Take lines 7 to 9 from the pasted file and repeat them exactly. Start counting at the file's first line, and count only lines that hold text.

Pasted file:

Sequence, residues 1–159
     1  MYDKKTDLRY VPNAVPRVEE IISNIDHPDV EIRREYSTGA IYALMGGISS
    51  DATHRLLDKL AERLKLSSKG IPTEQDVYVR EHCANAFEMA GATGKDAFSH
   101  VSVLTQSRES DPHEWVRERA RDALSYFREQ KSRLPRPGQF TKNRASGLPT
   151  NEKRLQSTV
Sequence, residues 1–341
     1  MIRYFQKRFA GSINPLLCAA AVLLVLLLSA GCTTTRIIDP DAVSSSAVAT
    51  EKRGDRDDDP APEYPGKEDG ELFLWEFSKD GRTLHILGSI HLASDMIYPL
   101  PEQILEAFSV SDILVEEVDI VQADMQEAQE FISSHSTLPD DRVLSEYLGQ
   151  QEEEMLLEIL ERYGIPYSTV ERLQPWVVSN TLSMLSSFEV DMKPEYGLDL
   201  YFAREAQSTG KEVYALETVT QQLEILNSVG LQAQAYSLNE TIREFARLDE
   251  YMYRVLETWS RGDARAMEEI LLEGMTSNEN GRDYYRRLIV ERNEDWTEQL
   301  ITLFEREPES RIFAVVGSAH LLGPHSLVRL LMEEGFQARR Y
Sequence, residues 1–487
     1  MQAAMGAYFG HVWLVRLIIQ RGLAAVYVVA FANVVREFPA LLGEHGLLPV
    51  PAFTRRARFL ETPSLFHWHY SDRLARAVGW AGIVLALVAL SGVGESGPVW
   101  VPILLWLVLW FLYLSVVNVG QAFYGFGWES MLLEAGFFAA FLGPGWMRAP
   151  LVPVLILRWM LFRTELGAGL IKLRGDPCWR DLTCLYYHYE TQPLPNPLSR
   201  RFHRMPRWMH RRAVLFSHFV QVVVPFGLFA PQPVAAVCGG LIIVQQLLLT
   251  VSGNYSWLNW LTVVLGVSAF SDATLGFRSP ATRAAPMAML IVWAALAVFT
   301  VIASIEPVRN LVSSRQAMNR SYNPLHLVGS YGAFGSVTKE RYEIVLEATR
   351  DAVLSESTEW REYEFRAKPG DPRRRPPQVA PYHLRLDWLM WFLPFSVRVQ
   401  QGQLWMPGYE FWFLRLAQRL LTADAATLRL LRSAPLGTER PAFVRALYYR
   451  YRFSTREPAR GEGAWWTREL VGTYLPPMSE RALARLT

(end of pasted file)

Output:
     1  MIRYFQKRFA GSINPLLCAA AVLLVLLLSA GCTTTRIIDP DAVSSSAVAT
    51  EKRGDRDDDP APEYPGKEDG ELFLWEFSKD GRTLHILGSI HLASDMIYPL
   101  PEQILEAFSV SDILVEEVDI VQADMQEAQE FISSHSTLPD DRVLSEYLGQ